-- “Are right-to-try laws a last hope for dying patients — or a false hope?” by Laurie McGinley: “Where’s Jordan?” asked [Mike] Pence as he walked into the White House meeting of terminally ill patients and their families. All eyes shifted, and Pence made a beeline for a 7-year-old boy from Indianapolis with a broad grin. Back home … Jordan McLinn and his battle with Duchenne muscular dystrophy had helped inspire passage of a state ‘right-to-try’ law intended to give the desperately ill access to medications not yet approved by the FDA. Thirty-three states have passed such laws, which ostensibly allow patients to take experimental medicines outside of clinical trials and without FDA oversight … But the increased momentum is raising alarms, with opponents saying that such laws largely offer false hope… The legislation … would forbid the federal government from interfering with the state laws and would exempt doctors and drug companies from liability for prescribing or providing experimental drugs. It also would limit the FDA in an unprecedented way: If a patient were injured or killed by an unapproved treatment under a right-to-try law, agency officials would not be allowed to use the information to delay or block approval of the treatment.”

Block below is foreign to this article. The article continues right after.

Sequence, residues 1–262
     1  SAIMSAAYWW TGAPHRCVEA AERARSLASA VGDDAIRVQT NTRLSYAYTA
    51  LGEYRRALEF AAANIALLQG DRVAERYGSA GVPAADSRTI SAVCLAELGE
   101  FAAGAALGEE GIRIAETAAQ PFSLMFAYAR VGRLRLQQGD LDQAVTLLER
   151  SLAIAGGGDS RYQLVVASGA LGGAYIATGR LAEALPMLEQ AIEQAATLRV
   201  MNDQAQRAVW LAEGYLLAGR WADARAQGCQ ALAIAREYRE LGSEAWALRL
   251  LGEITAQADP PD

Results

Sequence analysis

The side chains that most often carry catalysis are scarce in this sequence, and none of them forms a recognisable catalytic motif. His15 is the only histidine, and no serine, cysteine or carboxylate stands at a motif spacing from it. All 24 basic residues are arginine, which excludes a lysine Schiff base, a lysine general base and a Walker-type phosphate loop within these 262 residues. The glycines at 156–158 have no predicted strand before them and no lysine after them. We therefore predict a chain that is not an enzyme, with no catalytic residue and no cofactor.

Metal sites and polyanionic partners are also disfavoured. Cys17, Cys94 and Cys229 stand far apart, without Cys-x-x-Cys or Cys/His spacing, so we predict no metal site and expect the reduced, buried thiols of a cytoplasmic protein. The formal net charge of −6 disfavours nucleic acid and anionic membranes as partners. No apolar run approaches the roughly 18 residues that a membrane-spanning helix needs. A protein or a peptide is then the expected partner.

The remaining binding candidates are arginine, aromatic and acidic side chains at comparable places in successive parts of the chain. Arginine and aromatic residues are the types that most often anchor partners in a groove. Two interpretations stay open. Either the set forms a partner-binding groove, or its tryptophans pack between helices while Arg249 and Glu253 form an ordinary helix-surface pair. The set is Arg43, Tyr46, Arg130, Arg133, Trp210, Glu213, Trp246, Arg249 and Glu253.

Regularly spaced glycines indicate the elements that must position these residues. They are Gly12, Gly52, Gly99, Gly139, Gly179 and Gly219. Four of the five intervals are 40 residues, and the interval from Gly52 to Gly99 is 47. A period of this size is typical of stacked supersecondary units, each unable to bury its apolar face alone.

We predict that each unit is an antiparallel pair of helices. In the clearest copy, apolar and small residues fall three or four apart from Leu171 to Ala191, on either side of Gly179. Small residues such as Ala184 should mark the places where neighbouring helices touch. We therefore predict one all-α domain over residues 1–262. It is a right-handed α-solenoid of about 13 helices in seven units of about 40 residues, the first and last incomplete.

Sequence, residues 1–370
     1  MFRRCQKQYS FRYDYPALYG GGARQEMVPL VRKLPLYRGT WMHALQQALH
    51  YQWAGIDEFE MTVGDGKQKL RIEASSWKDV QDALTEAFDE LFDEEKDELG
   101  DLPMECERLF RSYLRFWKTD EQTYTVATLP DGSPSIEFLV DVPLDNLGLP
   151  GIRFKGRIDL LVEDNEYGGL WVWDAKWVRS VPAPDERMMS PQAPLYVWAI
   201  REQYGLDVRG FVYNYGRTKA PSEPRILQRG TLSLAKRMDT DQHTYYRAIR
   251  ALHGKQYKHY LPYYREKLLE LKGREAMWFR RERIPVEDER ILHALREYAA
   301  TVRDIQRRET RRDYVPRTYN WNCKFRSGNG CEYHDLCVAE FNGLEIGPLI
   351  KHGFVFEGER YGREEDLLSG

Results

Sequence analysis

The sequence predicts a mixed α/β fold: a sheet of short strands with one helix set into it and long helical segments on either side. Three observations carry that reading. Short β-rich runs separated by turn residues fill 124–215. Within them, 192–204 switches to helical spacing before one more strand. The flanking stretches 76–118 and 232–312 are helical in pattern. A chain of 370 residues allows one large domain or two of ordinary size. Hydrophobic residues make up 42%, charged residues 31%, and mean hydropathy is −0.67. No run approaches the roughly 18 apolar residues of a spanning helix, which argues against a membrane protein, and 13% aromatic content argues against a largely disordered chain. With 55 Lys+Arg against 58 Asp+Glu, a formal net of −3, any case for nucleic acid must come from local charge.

Ivanka Trump and her family visited the zoo:

-- “Veteran broadcast journalist Ted Koppel has long railed against news shows that wear their politics on their sleeves. And on Sunday, he pulled no punches with Sean Hannity. In a tense exchange on 'CBS Sunday Morning,' Koppel told the Fox News host and staunch [Trump supporter] that his brand of opinion-based journalism was harming the country.” Derek Hawkins reports.

“You’re cynical” Hannity said.

“I am cynical” Koppel responded.

“Do you think we’re bad for America? You think I’m bad for America?” Hannity asked.

Koppel didn’t miss a beat: “Yeah,” he said, continuing despite multiple interruptions from Hannity. He added: “You have attracted people who are determined that ideology is more important than facts.”

Here's how Democrats reacted to Friday's health care vote: 


-- Washingtonian, “Mary Katharine Ham Is Not Here to Entertain You,” by Elaina Plott: “The right-wing pundit doesn’t much care about shock value or tossing red meat to the base—yet somehow she’s more popular than ever. How she managed to scale the ranks of Washington media while grieving the death of her liberal-activist husband.”